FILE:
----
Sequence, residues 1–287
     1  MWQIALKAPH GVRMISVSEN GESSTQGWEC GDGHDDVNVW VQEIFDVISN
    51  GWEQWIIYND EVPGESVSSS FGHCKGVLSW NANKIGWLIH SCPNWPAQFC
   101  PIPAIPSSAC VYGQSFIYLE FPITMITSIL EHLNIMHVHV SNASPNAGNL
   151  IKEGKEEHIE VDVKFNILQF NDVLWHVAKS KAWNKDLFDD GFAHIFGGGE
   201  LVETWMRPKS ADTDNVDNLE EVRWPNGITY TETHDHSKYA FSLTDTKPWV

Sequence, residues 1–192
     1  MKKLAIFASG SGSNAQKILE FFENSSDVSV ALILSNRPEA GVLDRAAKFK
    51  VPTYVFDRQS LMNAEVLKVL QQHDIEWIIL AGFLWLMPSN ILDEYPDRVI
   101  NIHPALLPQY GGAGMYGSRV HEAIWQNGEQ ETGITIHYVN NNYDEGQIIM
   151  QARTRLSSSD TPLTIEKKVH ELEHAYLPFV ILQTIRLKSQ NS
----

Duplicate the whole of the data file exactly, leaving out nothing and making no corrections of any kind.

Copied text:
Sequence, residues 1–287
     1  MWQIALKAPH GVRMISVSEN GESSTQGWEC GDGHDDVNVW VQEIFDVISN
    51  GWEQWIIYND EVPGESVSSS FGHCKGVLSW NANKIGWLIH SCPNWPAQFC
   101  PIPAIPSSAC VYGQSFIYLE FPITMITSIL EHLNIMHVHV SNASPNAGNL
   151  IKEGKEEHIE VDVKFNILQF NDVLWHVAKS KAWNKDLFDD GFAHIFGGGE
   201  LVETWMRPKS ADTDNVDNLE EVRWPNGITY TETHDHSKYA FSLTDTKPWV

Sequence, residues 1–192
     1  MKKLAIFASG SGSNAQKILE FFENSSDVSV ALILSNRPEA GVLDRAAKFK
    51  VPTYVFDRQS LMNAEVLKVL QQHDIEWIIL AGFLWLMPSN ILDEYPDRVI
   101  NIHPALLPQY GGAGMYGSRV HEAIWQNGEQ ETGITIHYVN NNYDEGQIIM
   151  QARTRLSSSD TPLTIEKKVH ELEHAYLPFV ILQTIRLKSQ NS